The pedigree for Bleddyn[2] traces his ancestry to the 5th century Caradog Freich Fras, a man from Ewias believed to have descended from the clan of Bran ap Llyr Llediath.  No satisfactory explanation has been offered by historians as to how and when the rule of Brycheiniog was transferred from the family of Brychan to that of Caradog.  Some claim that Caradog's father married a daughter of Brychan[3], but no early evidence is found to support this assertion.  In fact, direct male descendants of Brychan can be found as late as 610, making it quite unlikely any earlier heiress could have carried the lands to another family.
           One group of medieval pedigrees[4] appear to say that even in 1093, a family living in Brycheiniog represented an unbroken line of males reaching back to Rhain ap Brychan.  But when examined in more detail, the Rhain in those pedigrees can be dated to c. 685 and is probably the Rhain ap Cadwgan of the Deisi tribe of Dyfed.  However, that Rhain WAS maternally descended from Brychan since his male ancestor, Cloten ap Noe, had married Ceindrec ferch Rhiwallon ap Idwallon[5]; she appears to have been the heiress of Brycheiniog when the family of Brychan became extinct in the male line.  Men of several different families descended from this Cloten are described as kings or lords of Brycheiniog in ancient documents and medieval pedigrees.  But none of those were male ancestors of the 1093 Bleddyn ap Maenyrch.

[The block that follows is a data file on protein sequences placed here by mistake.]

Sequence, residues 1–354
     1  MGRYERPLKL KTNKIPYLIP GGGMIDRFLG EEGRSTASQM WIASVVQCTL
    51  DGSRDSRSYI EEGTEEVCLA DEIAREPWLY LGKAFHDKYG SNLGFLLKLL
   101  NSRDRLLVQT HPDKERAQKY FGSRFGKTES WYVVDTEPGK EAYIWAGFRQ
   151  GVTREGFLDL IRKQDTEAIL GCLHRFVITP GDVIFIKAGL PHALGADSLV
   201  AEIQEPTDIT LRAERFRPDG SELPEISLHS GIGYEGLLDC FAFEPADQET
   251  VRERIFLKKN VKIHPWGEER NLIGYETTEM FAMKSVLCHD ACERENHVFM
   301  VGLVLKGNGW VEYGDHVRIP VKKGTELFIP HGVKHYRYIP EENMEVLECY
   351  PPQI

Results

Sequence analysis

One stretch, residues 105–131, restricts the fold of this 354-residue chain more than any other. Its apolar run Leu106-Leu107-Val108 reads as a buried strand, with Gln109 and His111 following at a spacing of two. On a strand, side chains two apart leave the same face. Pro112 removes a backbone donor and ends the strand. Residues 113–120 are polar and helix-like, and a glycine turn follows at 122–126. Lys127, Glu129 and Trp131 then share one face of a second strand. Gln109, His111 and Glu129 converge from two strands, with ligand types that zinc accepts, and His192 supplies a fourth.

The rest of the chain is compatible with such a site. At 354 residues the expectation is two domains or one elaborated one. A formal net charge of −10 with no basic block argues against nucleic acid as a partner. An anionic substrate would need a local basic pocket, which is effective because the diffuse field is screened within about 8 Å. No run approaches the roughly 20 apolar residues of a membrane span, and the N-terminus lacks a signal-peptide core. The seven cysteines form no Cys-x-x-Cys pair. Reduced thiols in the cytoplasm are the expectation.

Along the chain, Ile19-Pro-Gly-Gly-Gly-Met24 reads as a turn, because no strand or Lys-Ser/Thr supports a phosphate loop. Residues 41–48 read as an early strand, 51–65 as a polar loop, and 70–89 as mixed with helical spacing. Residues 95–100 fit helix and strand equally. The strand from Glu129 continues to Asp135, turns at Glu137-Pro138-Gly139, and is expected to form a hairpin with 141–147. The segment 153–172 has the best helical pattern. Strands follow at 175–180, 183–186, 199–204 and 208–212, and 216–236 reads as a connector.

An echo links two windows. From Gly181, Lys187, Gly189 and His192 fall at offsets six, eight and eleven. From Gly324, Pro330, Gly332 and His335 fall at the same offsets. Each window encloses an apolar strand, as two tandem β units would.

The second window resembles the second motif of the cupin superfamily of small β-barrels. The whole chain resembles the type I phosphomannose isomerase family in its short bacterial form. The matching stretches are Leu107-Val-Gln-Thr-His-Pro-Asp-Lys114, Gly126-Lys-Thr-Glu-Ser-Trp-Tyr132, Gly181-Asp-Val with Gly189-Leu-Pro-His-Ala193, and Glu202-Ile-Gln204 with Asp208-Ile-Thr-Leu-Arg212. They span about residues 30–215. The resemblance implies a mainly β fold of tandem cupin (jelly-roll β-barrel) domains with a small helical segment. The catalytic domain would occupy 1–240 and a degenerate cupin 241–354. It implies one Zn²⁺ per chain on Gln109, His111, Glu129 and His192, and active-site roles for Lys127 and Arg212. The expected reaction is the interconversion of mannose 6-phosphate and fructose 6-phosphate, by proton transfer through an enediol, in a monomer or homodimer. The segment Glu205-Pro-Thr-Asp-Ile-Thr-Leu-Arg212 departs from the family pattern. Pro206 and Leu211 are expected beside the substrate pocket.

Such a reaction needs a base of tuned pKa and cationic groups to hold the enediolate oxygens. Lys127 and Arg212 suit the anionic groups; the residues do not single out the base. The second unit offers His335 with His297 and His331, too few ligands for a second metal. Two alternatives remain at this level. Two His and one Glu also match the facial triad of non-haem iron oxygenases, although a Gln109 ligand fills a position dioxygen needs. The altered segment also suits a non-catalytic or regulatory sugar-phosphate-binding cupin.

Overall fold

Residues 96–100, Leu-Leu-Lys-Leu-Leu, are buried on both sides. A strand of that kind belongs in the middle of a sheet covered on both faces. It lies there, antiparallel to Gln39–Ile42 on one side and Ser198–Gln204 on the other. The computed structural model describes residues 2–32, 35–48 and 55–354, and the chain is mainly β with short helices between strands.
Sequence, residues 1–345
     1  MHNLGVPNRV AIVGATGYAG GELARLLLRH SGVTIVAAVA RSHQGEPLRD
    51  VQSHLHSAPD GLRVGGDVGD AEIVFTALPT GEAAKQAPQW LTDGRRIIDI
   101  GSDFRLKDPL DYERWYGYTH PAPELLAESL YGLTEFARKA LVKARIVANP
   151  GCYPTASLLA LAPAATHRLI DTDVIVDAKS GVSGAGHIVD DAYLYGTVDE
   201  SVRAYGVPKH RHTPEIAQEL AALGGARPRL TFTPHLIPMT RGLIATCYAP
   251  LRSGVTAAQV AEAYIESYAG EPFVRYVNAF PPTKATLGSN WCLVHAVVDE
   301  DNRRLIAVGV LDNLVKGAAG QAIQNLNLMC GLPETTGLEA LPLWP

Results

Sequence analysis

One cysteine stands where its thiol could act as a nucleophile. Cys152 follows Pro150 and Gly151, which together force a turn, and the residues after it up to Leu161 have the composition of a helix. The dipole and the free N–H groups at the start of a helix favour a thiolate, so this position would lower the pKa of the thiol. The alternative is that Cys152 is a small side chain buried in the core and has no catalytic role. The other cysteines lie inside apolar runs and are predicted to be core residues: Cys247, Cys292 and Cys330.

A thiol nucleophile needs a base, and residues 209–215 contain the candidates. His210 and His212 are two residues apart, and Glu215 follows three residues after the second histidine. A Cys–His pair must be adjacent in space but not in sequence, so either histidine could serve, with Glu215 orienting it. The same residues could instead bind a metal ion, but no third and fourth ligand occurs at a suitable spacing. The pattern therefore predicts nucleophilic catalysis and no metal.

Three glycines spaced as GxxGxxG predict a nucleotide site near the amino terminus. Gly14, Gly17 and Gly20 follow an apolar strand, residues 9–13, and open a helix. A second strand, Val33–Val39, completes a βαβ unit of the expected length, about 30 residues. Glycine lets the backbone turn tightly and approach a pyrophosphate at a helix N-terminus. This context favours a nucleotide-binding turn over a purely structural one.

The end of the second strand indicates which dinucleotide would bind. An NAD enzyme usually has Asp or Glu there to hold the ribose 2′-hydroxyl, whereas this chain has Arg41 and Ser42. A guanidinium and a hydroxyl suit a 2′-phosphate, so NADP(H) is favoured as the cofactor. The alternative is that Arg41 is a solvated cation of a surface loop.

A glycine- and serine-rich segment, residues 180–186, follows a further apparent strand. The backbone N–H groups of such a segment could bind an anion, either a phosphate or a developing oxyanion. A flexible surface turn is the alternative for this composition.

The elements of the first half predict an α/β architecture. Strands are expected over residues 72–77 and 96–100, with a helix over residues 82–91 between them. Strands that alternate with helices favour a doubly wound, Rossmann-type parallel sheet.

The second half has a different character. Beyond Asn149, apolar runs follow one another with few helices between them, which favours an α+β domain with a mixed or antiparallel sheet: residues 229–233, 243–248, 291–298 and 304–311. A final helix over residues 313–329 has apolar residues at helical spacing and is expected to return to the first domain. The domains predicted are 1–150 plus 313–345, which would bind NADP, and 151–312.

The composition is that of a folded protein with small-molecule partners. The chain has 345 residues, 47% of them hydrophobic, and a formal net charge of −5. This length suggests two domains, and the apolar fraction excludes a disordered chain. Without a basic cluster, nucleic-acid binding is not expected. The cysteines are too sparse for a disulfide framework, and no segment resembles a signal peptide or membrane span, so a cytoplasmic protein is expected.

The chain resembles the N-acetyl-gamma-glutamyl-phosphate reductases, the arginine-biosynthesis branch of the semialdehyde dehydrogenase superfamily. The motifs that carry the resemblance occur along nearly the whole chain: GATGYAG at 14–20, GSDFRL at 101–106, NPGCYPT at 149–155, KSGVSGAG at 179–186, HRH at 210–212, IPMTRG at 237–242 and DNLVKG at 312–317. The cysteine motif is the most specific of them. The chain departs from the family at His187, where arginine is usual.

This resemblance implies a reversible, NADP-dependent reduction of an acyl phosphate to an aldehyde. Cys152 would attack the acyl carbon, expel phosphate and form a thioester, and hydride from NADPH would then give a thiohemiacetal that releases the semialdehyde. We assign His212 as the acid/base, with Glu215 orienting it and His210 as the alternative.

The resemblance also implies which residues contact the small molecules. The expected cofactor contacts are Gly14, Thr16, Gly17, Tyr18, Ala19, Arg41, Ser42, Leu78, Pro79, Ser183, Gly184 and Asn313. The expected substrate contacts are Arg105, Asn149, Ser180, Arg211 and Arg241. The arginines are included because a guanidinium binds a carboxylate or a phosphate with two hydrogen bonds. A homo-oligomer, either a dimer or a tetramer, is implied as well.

Before considering how and when Bleddyn's family obtained a claim to Brycheiniog, we present a chart showing how it passed from Brychan's family to the Deisi dynasty, and follow the latter family until it began to divide Dyfed and Brycheiniog between subsequent brothers:
                        BRYCHEINIOG                  DYFED
                                                       Aeda Brosc  380